April 7, 1923 - Sir Sultan Mohamed Shah, Aga Khan III gave an interview with 'The Times of India', Bombay, it was also reproduced in 'the Civil and Military Gazette' of 10 April as circulated by the Associated Press of India.
In the interview, Mowlana Sultan Mohamed Shah talked about the second
conference at Lausanne and Turkey, and how he also regretted the dissolution of the
Muslim League, the deplorable relations between the Indians and Europeans in Kenya
among other important topics. He said, 'I implore my fellow religionists not to
March 15 1923 - Madras, at the Khalellabad residence of Khaleel Shirzi: Sir Sultan Mohamed Shah, Aga Khan III made a reply to the Address of Welcome presented by the Muslims of Madras, talking of co-operation among the people of different creeds, his hopes for a just and lasting peace with Turkey and made tribute to the British newspapers. Source: 'The Times of India', Bombay, 17 March 1923 ( 750)
March 14, 1923 - Sir Sultan Mohamed Shah, Aga Khan III while interviewed by the Associate Press, replying to the question as to whether the British Government considered the revision of the Indian Constitution possible or necessary before the expiry of the statutory period, said that the British were practical people not impressed by tall talk or big words. They would be impressed by the use Indians made of the Reforms... ( 748) Full text: 'The Civil and Military Gazette', Lahore, 17 March 1923.
February 1923 - Sir Sultan Mohamed Shah, Aga Khan III visited the Jamat of Rajkot between February 6th and February 14th 1923.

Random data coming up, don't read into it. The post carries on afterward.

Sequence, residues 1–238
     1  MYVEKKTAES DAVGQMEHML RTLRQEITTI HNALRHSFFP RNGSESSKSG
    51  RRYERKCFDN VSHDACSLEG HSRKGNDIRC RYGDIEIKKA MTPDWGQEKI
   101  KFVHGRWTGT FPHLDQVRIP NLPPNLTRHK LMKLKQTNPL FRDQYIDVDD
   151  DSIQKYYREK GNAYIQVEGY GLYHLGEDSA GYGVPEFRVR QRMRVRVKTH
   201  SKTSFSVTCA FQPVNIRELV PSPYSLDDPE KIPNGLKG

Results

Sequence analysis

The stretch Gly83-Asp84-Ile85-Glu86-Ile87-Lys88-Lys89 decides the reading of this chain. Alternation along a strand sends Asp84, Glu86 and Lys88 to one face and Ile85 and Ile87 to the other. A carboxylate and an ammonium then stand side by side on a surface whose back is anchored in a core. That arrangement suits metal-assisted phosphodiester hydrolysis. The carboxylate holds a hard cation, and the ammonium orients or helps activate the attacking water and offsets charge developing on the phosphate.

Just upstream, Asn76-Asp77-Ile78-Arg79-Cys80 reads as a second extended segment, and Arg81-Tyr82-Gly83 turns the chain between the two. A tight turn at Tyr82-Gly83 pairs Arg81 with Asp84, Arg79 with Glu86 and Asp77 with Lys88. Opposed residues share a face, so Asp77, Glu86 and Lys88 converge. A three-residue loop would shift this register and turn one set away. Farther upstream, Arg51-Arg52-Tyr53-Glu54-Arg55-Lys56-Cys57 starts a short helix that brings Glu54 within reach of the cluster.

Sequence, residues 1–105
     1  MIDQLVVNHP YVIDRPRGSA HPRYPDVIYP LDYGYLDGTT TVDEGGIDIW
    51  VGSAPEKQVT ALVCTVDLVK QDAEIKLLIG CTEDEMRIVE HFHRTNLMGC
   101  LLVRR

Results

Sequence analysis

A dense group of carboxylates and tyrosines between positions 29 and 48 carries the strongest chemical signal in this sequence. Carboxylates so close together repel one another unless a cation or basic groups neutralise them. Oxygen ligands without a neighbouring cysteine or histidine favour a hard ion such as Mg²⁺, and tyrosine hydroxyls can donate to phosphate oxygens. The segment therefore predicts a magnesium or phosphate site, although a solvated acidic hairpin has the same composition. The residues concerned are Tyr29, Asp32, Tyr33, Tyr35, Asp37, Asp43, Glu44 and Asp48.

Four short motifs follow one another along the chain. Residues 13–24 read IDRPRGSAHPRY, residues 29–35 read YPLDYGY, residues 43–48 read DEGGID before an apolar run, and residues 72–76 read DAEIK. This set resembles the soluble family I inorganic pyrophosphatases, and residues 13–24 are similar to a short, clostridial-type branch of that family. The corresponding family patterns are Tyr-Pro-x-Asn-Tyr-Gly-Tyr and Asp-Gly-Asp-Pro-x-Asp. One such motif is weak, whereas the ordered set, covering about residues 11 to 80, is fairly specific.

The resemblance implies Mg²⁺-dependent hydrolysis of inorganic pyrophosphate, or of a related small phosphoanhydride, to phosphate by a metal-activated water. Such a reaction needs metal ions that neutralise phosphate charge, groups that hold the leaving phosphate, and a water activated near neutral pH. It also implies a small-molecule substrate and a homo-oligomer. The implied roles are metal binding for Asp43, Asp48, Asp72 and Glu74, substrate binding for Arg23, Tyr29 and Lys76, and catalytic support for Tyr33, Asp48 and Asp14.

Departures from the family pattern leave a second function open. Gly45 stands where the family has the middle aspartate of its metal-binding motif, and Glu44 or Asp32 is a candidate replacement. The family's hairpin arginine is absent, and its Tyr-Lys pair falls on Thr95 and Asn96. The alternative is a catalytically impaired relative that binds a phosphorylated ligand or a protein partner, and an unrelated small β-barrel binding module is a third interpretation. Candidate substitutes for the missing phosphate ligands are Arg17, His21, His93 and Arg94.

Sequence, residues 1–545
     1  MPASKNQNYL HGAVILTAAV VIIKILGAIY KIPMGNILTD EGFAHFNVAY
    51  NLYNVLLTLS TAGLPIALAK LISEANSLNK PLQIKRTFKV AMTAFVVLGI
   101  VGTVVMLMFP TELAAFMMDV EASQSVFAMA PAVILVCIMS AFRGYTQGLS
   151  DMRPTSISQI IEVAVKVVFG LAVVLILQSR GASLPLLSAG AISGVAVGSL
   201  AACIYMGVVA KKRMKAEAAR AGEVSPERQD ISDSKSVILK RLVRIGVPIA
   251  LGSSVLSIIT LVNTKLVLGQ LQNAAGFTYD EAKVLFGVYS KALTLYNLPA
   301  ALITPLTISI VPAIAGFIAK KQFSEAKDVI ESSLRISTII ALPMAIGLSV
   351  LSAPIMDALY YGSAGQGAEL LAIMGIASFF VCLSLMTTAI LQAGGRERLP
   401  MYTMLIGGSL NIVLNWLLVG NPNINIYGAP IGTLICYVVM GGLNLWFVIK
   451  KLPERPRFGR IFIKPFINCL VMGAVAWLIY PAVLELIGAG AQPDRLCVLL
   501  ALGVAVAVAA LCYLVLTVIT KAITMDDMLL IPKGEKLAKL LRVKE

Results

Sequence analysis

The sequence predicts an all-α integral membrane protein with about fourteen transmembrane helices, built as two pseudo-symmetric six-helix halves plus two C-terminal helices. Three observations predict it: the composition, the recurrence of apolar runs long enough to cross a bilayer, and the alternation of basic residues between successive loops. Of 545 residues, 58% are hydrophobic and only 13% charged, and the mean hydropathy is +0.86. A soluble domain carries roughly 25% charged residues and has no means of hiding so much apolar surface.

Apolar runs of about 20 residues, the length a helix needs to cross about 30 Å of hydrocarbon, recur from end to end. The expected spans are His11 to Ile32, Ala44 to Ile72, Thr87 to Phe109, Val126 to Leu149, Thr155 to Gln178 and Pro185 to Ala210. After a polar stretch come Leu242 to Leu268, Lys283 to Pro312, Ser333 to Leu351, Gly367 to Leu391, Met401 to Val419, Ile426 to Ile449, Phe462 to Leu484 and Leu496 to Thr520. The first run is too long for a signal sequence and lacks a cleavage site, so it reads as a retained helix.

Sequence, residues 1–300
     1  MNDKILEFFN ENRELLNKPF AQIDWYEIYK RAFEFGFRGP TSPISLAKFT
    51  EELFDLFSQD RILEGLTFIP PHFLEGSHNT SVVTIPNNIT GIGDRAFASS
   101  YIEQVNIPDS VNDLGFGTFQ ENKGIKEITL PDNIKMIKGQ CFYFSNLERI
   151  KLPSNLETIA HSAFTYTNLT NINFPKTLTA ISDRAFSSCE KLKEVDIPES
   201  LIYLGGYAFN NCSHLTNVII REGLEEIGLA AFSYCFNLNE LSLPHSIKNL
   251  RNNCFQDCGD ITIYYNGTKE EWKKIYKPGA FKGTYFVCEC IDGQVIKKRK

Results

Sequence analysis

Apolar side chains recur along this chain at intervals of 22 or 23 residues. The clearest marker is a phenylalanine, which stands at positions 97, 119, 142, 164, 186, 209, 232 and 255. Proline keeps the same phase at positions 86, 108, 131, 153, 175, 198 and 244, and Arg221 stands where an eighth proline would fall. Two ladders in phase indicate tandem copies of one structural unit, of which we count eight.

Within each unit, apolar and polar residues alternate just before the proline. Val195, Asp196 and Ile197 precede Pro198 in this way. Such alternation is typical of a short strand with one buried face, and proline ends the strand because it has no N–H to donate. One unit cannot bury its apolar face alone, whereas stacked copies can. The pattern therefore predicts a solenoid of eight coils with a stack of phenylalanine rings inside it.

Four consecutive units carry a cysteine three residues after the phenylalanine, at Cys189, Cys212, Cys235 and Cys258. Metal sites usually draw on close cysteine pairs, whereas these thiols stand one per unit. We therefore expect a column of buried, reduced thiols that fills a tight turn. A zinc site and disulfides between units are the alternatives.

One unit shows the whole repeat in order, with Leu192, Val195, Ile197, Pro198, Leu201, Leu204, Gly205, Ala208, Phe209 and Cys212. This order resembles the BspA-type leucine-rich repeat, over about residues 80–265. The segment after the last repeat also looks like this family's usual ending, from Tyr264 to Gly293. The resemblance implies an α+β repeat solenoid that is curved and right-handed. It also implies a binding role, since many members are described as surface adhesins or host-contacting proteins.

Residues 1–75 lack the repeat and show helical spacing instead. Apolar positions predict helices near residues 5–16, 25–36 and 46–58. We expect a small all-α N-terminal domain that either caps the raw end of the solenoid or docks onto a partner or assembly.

January 23, 1923 - Sir Sultan Mohamed Shah, Aga Khan III wrote a letter to 'The Times of India', Bombay, printed on 26 January 1923. He spoke of relations between Indians and the white settlers in Kenya, the danger to the interests of the British Empire, the immediate threat in East Africa and Indian respect for law and order. ( 744)
January 15, 1923 - Sir Sultan Mohamed Shah, Aga Khan III gave a speech at the Anjuman-i-Islamia High School in Bombay regarding counsel to the Muslims of India. Source: 'The Times of India', Bombay, 16 January 1923. 'The Civil and Military Gazette', Lahore, carried a shorter report circulated by the Associated Press on 18 January.
Sir Sultan Mohamed Shah, Aga Khan III was awarded with the title of G.C.V.O -Knight Grand Cross of the Royal Victorian Order.
Sir Sultan Mohamed Shah, Aga Khan III visited Deauville in 1923.
December 15, 1922 - Sir Sultan Mohamed Shah, Aga Khan III gave an interview with 'The Times of India', Bombay, 16 December 1922. 'The Civil and Military Gazette' also carried the interview on the same date.
June 21, 1922 - Sir Sultan Mohamed Shah, Aga Khan III wrote an article for 'The Times', London, 10 October 1922 from The Ritz Hotel, Piccadilly, London, where the Aga Khan normally stayed on his short visits to London.
'People must not think that Mohammadans are living in a very backward condition.
I have even found an aged Mullah, who did not know a word of English, studying a
translation of 'The Statesman's Yearbook' which had been specially prepared so that
he might know the resources of the various countries...' (Aziz; 731)